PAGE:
OLR Bill Analysis
AN ACT CONCERNING REVISIONS TO THE COMMON INTEREST OWNERSHIP ACT AND THE CONDOMINIUM ACT.
This bill makes several changes affecting condominiums and other common interest communities.
It requires executive boards under the Common Interest Ownership Act (CIOA), and boards of directors under the Condominium Act, to ensure that community association managers under contract with them for association management services provide such services in full compliance with (1) the association's bylaws and (2) CIOA or the Condominium Act as applicable (see BACKGROUND) (§ 1). The bill does not specify how boards must do so.
The bill exempts board members or officers under CIOA and the Condominium Act from criminal liability for any conduct they perform on the association's behalf, as long as the conduct is within the scope of their authority (§§ 6-7).
The bill eliminates the requirement under CIOA that the association's insurance policy provides primary coverage if, at the time of loss, the unit owner has his or her own policy covering the same risk (§ 5). In doing so, it is unclear which policy would be primary in practice under the bill.
The bill generally requires executive boards under CIOA to give board members and unit owners notice with specified information at least five days before each board meeting. Under current law, boards can provide them with a schedule of board meetings instead of providing specific notice in advance of each meeting (§ 2).
Under the bill, the secretary or other officer specified in the bylaws must provide the notice at least five days before each board meeting specifying the meeting's time, date, place, and agenda. By law, (1) different requirements apply for meetings called to adopt, amend, or repeal a rule (e.g., the notice must be given at least 10 days in advance) and (2) these notice requirements do not apply to meetings called to deal with an emergency.
CIOA currently sets certain conditions for proxy voting. The bill specifically allows associations to provide proxy forms to unit owners seeking to vote pursuant to a directed or undirected proxy. (A directed proxy specifies how the vote is to be cast, while an undirected proxy allows the person who is given the proxy to decide how to vote.) It also prohibits associations from providing proxies that include the proxy holder's name, unless the unit owner requests the name to be on the proxy (§ 3).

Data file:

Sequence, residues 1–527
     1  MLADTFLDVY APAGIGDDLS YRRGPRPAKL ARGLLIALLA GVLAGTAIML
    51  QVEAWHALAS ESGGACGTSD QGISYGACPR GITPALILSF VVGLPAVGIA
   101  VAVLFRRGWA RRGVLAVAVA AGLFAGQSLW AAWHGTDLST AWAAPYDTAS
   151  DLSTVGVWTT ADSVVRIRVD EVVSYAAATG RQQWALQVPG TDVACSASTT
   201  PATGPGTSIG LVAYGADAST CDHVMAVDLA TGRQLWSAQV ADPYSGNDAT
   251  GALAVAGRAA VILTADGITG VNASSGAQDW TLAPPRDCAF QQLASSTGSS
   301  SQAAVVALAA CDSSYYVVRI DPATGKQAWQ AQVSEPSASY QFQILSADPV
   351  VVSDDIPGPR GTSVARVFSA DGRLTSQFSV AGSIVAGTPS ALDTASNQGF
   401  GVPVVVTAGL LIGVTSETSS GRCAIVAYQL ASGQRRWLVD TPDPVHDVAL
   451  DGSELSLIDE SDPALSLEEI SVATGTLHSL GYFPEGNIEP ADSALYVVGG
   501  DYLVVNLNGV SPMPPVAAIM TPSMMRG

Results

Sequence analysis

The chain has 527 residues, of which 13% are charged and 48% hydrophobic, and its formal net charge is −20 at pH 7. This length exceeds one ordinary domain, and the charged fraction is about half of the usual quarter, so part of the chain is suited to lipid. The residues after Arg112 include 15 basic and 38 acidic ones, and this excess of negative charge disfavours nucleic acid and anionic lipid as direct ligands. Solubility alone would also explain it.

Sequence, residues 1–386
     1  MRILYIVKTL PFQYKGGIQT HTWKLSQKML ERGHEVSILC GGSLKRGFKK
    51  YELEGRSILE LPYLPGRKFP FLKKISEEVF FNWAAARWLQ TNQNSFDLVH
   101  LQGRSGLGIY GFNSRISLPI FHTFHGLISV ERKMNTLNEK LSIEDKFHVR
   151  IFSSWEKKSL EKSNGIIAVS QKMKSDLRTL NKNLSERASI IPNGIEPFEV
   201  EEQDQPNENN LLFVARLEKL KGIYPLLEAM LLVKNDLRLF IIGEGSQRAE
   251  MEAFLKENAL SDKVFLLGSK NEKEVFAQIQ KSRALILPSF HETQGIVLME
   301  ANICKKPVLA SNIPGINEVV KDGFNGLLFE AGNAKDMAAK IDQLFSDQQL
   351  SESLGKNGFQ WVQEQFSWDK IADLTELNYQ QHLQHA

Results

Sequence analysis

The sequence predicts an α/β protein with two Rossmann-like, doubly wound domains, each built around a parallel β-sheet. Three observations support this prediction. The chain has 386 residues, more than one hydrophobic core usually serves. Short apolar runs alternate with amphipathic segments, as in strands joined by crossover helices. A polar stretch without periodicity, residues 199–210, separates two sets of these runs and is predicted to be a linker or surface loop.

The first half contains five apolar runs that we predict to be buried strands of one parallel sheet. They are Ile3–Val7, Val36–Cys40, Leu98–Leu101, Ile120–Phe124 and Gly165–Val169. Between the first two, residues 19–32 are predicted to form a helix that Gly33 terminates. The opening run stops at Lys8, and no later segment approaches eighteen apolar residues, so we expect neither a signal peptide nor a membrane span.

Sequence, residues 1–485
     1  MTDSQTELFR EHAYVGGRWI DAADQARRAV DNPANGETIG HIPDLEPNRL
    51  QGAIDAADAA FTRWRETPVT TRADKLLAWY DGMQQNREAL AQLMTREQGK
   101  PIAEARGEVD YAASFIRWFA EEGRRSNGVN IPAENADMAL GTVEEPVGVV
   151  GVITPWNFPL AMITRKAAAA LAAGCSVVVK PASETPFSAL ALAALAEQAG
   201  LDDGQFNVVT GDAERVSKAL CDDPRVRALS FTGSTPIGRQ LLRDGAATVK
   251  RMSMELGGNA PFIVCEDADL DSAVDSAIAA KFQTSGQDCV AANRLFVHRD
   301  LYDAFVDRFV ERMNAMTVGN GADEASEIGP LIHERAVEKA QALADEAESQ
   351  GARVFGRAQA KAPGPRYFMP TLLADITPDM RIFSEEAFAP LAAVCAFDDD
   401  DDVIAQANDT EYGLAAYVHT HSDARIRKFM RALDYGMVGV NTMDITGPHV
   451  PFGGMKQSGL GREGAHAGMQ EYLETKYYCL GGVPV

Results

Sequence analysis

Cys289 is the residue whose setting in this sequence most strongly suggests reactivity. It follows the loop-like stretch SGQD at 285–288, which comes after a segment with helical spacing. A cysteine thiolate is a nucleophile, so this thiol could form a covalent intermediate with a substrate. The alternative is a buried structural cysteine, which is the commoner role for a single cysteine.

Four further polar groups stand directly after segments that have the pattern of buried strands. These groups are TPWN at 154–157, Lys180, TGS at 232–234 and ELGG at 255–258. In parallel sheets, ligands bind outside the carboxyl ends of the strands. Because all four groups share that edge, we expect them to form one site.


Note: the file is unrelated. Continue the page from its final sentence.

Under CIOA, associations must keep detailed records of receipts and expenditures affecting their operation and administration and other appropriate accounting records. The bill specifies that this includes records relating to reserve accounts (§ 4).
EFFECTIVE DATE: October 1, 2013
Common Interest Ownership Act (CIOA) and the Condominium Act
CIOA governs the creation, alteration, management, termination, and sale of condominiums and other common interest communities formed in Connecticut on and after January 1, 1984 (CGS § 47-200 et seq.). Certain provisions of CIOA (including the CIOA provisions that this bill amends, see §§ 2-6) also apply to common interest communities created in Connecticut before January 1, 1984, but do not invalidate existing provisions of the communities' governing instruments. Common interest communities created before then can amend their governing instruments to conform to portions of CIOA that do not automatically apply (CGS §§ 47-214, -216, -218).
The Condominium Act (CGS §§ 47-68a to 47-90c) governs condominiums created from 1977 through 1983, except when CIOA applies to them.
The Judiciary Committee reported favorably three other bills making amendments to CIOA. SB 1103 changes approval requirements for assignments of the right to future income as security for loan agreements. sHB 6513 changes requirements for approval of annual budgets and special assessments. HB 6662 extends from six to nine months the priority of common expense assessments over previously recorded mortgages and makes other changes affecting the priority lien.
sHB 6477 (File 219), reported favorably by the Insurance and Real Estate Committee, extends from six to 12 months the priority of common expense assessments over previously recorded mortgages under CIOA.
Joint Favorable Substitute